Experienced and casual hikers alike will enjoy hitting the trails in Loudoun. For those seeking a full-day hike, Virginia’s Rollercoaster — the portion of the Appalachian Trail that runs through Loudoun — is strenuous but spectacular. If you’d like a more relaxed hike, there are plenty of other options, including Algonkian Regional Park. It boasts a variety of trails, some paved, some for hiking and even one — the “Dr. Ira Gabrielson” trail — for horses. Speaking of horses, Loudoun is known for equestrian sports. Middleburg, at the southernmost end of Loudoun, is considered the “Nation’s Horse and Hunt Capital.” Every year, it hosts the Middleburg Spring Races, where thoroughbreds compete in a steeplechase race. Morven Park, also in Loudoun, hosts the International Fall Horse Trials as well as Polo in the Park in the summer.
Finally, Neabsco Regional Park is a haven for wildlife enthusiasts. A 1.2-kilometre boardwalk traverses the Neabsco Creek, taking visitors into the wetlands which are a habitat for great blue herons, wood ducks, mallards, sparrows and many other bird species. Don’t forget to pack your binoculars!
Northern Virginia is for ... art lovers
From art galleries in unconventional spaces to a Tony-Awarded theatre company, Northern Virginia is a feast for the senses.
The Signature Theatre in Arlington received a Regional Theatre Tony Award in 2009 for artistic excellence. Upcoming shows include Sweeney Todd, on stage from May to July, 2023.
If you’ve ever wondered what inspired an artist to create the piece in front of you at a gallery, the Torpedo Factory Art Center is for you. You can walk through three floors of artists’ studios and see them in action as they create their next masterpiece. And in case you were wondering, yes, the art center was once a torpedo factory. It’s unlikely that the thousands of employees who made munitions between 1918 to 1946 ever imagined that their workplace would one day host 71 artists’ studios as well as several exhibitions.
The arts are also rather unconventionally enjoyed in Fairfax County. Who would have thought that a former correctional facility would make the perfect venue for a working arts studio as well as a performance and exhibition space? Community leaders repurposed the prison complex into the Workhouse Arts Center, which opened in 2008. You can now stroll through galleries, attend workshops and see live theatre at the arts center. Travelzoo tip: If you’re visiting from March to June, head to the Workhouse to see the musical Urinetown.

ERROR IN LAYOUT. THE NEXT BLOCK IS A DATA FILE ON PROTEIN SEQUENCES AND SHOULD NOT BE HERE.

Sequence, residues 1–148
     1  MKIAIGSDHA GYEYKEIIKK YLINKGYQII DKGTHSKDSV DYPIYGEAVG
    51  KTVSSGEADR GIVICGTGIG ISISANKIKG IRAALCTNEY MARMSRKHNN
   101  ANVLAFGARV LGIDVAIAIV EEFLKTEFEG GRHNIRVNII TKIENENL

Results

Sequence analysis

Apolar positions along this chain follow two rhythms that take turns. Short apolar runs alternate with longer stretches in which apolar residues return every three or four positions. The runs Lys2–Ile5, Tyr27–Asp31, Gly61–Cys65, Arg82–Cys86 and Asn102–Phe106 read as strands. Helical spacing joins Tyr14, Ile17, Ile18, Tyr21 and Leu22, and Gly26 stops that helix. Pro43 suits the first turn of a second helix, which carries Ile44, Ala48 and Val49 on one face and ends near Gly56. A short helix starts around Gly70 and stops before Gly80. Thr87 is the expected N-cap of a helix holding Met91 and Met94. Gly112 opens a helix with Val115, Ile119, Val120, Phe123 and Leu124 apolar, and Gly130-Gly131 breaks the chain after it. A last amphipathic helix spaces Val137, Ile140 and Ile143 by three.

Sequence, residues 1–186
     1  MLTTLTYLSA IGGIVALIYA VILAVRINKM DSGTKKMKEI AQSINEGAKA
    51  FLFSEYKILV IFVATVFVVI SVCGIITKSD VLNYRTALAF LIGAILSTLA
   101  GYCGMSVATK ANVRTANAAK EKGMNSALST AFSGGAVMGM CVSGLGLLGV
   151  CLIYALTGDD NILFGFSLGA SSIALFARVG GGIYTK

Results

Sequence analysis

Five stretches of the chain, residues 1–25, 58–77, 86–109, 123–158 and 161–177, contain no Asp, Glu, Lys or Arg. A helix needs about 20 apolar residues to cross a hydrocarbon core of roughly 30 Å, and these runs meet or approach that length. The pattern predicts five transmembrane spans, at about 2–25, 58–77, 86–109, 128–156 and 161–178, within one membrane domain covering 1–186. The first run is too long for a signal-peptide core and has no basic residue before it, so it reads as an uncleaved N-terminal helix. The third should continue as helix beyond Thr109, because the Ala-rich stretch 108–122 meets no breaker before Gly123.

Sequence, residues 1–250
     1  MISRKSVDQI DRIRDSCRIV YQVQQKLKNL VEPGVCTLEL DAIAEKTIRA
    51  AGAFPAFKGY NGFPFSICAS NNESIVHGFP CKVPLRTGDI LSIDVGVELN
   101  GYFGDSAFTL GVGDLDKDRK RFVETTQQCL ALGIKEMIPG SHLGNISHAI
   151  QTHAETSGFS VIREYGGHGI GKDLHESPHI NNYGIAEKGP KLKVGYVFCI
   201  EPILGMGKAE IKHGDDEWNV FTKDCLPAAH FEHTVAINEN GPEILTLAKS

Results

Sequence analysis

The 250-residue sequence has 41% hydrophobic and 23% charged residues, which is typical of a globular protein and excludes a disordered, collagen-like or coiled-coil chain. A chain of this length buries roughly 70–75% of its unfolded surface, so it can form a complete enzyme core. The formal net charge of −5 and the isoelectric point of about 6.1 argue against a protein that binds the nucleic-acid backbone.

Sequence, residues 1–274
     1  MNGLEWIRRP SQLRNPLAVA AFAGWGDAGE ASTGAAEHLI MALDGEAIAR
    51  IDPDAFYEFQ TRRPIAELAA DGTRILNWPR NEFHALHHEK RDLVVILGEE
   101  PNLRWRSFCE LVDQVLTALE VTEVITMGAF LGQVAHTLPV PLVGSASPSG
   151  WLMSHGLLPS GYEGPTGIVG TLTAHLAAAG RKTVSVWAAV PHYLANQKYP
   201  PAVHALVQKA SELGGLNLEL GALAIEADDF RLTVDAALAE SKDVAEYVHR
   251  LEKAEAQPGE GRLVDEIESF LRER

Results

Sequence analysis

Northen Virginia is for ... food, wine and beer lovers
Northern Virginia’s farm-to-table cuisine will delight foodies with dishes crafted with fresh, locally sourced ingredients. In urban areas like Arlington, an array of diverse restaurants make it possible to travel around the world with your taste buds, from Balkan and Bolivian to Ethiopian and Salvadorean.
While visiting Old Town Alexandria’s historic district, satisfy your appetite at one of the 100+ independent restaurants. The neighbourhood is renowned for its creative takes on comfort food, waterfront dining venues (hello, photo op!) and independent restaurants. You can feast on moules et frites at Brabo Brasserie (owned by a Michelin-starred chef), New York-style pies at Andy’s Pizza Old Town or nibble on some bar fare alongside creative cocktails at Captain Gregory’s.
Loudoun is the place to be when it comes to beer and wine. It boasts 50 vineyards nestled in its rolling hills, earning it the official title of DC’s Wine Country. You can join one of the many wine tours organized by connoisseurs of the region’s vineyards or carve your own path through the vines with Loudoun’s convenient Wine Trail Guide. From family-run establishments to wineries offering farm-to-table dining, there is a winery for every taste in Loudoun.
Beer aficionados will also find their bliss in Loudoun. The LoCo Ale Trail includes more than 30 breweries broken down into four categories: Brews with a view, Dulles Corridor, Leesburg Downtown and Brews by bike via the Washington & Old Dominion Trail. You can even collect stamps at each brewery in your Beer Passport to earn a LoCo Ale t-shirt.
Whether you like unique boutiques, museums and architecture, the outdoors, arts, food and wine — or any combination of these — Northern Virginia is the perfect destination for your next trip. Consider making it a road trip if you live in Quebec or Ontario, or add Northern Virginia to your D.C. itinerary when you visit the U.S. capital.